The Definition of Bore
The tunnel down the barrel of a firearm through which the projectiles travel.
- A smooth-bore firearm is one that does not have rifling on the barrel's internal surface.
- A big-bore firearm is one that fires a large caliber.
- A small-bore firearm is one that fires a small caliber.
19 Other Firearms Definitions You Need To Know
The point of a projectile.
The bevelled portion of the rifling at the rear end of the barrel (and the forward portion of the chamber) where the bullet first engages the lands.
The working mechanism of a firearm involved with presenting the cartridge for firing, and in removing the spent casing and introducing a fresh cartridge.
For example some of the most common types of Actions are single, double, bolt, lever and pump.
Damage that is unintended or incidental to the intended outcome.
The detachable plate at the bottom of the cartridge magazine.
A type of firearm capable of discharging multiple individual shots in sequence, fed from a magazine, via the operation a lever, bolt, slide or some other form of manual operation.
A malfunction which locks up the gun so badly that tools are required in order to fix it. Sometimes used to denote a simple malfunction,
but many people make a distinction between a complete jam and a simple malfunction.
In a shotgun barrel, A tapered area a few inches from the breech end, providing a transition between the chamber
(approximately the diameter of the outside of a shotgun shell) to the bore proper (approximately the diameter of the inside of a shotgun shell).
The forcing cone provides the transition between the exterior and the interior diameters of the cartridge.
Older shotguns usually have more abrupt forcing cones suitable for then-current thick-walled paper shells with fibre wads.
Newer shotguns usually have more gradual, longer forcing cones suitable for thinner modern plastic shells with obturating plastic shot-cup wads.
A firearm that automatically loads the next cartridge to be fired into the chamber either upon the pull of the trigger in an open bolt design or upon the firing of the previous round in a close bolt design.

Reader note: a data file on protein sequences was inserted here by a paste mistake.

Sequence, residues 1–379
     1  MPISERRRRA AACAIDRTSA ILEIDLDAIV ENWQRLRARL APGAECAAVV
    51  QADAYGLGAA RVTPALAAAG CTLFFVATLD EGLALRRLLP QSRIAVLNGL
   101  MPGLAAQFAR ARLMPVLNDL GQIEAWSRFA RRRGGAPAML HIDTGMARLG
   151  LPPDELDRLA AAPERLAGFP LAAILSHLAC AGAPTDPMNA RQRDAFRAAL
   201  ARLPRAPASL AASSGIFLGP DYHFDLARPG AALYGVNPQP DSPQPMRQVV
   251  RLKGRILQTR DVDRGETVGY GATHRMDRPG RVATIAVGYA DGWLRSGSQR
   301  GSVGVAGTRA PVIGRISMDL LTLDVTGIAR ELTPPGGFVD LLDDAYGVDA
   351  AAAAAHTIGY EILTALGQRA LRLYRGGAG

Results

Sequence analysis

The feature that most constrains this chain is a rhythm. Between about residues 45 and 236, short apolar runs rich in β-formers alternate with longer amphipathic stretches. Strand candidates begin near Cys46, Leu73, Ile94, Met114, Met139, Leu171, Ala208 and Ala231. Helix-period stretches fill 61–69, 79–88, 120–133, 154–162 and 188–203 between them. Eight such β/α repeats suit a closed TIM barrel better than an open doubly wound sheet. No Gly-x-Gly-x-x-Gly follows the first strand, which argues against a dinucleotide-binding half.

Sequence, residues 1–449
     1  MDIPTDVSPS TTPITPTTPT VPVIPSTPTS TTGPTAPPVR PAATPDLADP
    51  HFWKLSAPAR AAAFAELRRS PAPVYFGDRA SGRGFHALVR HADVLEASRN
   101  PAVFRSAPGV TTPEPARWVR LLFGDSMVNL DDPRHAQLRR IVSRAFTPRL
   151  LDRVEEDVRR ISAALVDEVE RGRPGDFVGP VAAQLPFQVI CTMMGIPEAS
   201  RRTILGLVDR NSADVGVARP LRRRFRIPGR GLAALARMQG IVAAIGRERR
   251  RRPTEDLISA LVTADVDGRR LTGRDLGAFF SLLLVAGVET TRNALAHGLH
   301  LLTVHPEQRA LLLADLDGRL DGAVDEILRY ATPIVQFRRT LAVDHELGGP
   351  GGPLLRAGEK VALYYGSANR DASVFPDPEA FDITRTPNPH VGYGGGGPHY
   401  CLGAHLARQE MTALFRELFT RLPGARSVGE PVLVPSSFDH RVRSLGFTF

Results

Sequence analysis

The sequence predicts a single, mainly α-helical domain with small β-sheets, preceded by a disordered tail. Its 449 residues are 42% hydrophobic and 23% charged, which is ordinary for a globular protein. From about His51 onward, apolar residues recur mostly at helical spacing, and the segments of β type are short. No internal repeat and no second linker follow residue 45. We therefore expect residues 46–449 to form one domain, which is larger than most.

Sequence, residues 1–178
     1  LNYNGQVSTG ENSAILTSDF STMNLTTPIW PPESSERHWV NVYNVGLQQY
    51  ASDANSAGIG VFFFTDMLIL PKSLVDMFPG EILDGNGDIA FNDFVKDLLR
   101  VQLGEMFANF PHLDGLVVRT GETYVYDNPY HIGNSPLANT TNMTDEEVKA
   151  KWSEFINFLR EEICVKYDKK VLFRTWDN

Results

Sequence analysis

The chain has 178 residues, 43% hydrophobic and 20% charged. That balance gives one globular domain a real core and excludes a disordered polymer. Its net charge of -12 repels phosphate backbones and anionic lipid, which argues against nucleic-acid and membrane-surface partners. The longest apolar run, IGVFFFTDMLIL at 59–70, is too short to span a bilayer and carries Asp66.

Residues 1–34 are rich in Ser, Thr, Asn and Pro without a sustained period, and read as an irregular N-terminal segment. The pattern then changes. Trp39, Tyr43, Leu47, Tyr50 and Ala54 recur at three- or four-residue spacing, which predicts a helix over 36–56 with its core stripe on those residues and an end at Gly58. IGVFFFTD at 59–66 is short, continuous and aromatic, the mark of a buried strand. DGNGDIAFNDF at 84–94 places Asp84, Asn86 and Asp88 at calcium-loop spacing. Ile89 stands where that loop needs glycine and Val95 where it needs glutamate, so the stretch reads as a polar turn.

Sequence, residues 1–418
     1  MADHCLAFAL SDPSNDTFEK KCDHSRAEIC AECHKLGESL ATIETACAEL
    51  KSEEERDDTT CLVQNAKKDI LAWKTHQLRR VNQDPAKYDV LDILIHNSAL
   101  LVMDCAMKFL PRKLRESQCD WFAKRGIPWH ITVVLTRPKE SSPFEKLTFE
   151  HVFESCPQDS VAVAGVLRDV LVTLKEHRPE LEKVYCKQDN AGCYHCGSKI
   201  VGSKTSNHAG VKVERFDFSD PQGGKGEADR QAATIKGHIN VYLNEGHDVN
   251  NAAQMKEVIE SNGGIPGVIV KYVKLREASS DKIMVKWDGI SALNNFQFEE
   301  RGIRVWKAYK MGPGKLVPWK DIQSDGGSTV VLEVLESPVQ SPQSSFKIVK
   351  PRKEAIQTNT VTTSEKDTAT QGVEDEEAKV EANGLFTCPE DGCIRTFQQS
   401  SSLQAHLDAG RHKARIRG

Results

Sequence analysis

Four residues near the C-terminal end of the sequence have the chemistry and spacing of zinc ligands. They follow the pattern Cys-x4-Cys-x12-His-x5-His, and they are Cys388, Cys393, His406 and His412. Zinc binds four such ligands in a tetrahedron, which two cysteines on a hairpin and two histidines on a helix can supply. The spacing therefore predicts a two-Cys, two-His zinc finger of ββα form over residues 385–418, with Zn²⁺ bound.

Autoloader should not be confused with Automatic or Semi-Automatic since the term Autoloader only applies to how the next round is chambered not
how many rounds can be fired per trigger pull.
All Automatic and Semi-Automatic firearms are autoloaders. Revolvers, bolt action, lever action and pump action firearms are not autoloaders.
The substance which imparts movement to the projectile in a firearm. In a firearm, usually powder. In an airgun the propellant is air or Co2
Hearing protection that fits inside the ear canal.
The first shot from a rifle that has been cleaned, and not fired recently may go to a different point of impact, for the same point of aim than a rifle that has been fired recently.
This first shot is referred to as a shot from a cold, clean, bore.
Slang word for short barreled revolver.
A chemical phosphate process developed during the second world war to provide an economical, durable and non-reflective surface finish to military firearms.
A short, lightweight rifle. Some are small enough for a young child to easily handle, while others are large enough to perfectly suit teenagers, average-sized adult women, and small-statured adult males.
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